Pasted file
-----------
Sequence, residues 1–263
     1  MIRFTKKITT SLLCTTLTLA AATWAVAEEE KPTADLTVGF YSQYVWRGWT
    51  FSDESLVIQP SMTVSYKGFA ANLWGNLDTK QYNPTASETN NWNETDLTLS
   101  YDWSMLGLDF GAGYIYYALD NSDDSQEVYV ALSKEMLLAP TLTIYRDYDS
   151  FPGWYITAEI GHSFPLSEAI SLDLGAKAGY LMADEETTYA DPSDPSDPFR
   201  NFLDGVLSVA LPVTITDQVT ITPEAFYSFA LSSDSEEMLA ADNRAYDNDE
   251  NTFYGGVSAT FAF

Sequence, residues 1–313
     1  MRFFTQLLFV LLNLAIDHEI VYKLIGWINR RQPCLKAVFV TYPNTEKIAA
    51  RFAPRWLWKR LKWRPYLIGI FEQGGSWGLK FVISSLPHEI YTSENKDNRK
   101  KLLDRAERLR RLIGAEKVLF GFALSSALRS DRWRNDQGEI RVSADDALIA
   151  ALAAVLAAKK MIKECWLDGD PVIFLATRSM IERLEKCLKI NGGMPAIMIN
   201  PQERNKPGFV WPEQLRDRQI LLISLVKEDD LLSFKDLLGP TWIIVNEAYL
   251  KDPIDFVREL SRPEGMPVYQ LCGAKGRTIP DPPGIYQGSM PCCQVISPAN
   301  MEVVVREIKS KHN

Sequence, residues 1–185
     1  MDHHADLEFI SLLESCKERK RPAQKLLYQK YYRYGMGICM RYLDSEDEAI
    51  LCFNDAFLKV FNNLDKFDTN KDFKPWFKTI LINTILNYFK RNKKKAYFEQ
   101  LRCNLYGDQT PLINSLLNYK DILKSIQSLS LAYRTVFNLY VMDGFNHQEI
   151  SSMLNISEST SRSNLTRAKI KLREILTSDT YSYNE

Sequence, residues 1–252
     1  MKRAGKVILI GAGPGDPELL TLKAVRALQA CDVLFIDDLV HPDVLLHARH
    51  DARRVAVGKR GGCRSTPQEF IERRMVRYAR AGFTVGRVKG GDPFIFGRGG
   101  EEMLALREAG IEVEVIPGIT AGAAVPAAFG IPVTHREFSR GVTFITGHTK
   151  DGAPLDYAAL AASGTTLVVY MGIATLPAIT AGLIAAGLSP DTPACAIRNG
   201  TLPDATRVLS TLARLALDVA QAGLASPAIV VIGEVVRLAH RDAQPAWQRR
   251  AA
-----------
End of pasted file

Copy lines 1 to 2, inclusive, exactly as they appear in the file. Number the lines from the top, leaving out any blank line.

Sequence, residues 1–263
     1  MIRFTKKITT SLLCTTLTLA AATWAVAEEE KPTADLTVGF YSQYVWRGWT